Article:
Melissa Kwasny

Winner of the Alice Fay Di Castagnola Award in 2009

Pictograph: Bizarre Anthropomorph, Often with Interior Body Decorations

 

Note left foot with interior spiral. Note the torso, storehouse of resins and gums. We have been here before, counting as we step down. Counting: tool of the magicians. Perhaps the Hopi are right, that we emerged from the earth, like bears. Perhaps that is why we carry the earth-jars inside us. We recognize our companions as they pass on the left. By drift of sage, an iridescence of throat armor. The gay men have cues, a plain or plaid bandana, in the front pocket or the back, as the gangs do. Erratics: the field of our remains. A scientist on the radio says that, contrary to past belief, the damaged brain can learn to heal itself. We can take back our pogroms, we could pray the blind to see, perhaps two leaders, enemies, who will stop now. Thoreau died whispering 'Indians' and 'buffalo', it is said. We do sometimes get to choose our lives. Set in motion, as it has been explained to me.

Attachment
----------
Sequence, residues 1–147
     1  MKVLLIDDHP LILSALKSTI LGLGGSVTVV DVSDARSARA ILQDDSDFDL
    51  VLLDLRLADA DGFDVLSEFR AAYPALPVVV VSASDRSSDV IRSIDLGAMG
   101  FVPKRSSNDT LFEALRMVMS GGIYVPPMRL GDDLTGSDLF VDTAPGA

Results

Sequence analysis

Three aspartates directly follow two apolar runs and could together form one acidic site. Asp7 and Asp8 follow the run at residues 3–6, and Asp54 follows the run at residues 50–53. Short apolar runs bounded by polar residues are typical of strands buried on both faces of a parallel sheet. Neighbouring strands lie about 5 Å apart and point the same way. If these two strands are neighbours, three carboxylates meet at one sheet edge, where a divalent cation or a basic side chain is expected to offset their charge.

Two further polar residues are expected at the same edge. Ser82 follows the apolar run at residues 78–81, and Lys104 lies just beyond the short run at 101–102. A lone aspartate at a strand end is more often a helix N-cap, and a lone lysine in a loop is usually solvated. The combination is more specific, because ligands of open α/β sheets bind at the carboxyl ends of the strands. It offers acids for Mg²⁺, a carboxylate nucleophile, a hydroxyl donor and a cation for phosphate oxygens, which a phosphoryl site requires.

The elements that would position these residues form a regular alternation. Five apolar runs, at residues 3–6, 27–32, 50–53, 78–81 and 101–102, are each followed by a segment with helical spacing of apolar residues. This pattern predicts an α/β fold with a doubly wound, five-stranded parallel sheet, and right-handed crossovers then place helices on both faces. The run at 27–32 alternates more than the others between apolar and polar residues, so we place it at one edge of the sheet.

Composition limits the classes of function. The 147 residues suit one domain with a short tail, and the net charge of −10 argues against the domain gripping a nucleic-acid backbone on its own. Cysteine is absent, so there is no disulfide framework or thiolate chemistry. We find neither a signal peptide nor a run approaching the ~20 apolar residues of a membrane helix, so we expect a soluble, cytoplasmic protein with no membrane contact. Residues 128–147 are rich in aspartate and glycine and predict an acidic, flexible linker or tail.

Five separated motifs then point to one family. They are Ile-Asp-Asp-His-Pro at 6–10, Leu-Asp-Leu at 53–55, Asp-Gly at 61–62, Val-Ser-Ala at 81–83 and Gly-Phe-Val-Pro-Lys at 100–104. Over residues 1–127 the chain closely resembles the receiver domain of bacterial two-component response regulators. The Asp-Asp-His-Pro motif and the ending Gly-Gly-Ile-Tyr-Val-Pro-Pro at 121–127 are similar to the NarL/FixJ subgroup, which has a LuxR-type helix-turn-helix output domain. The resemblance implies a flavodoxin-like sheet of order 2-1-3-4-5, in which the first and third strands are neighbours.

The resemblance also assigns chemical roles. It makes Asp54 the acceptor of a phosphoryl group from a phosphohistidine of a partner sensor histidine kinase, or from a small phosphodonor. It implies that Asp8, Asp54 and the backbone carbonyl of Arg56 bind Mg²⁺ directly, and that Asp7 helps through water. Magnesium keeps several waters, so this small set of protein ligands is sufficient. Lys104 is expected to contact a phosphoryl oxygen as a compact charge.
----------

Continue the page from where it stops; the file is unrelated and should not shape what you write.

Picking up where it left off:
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Ed Roberson on Melissa Kwasny

Melissa Kwasny's sequence of prose poems investigate, with an archaeologist's eye, the petroglyphs and pictographs of sites in Montana. She writes, "Whatever you see, you give nourishment to." Kwasny's poems see and nourish a complicated past and present in images native to the land we merely occupy: "We recognize a figure, a brother, a twin, who is then punished for our disabilities, our own strangeness."

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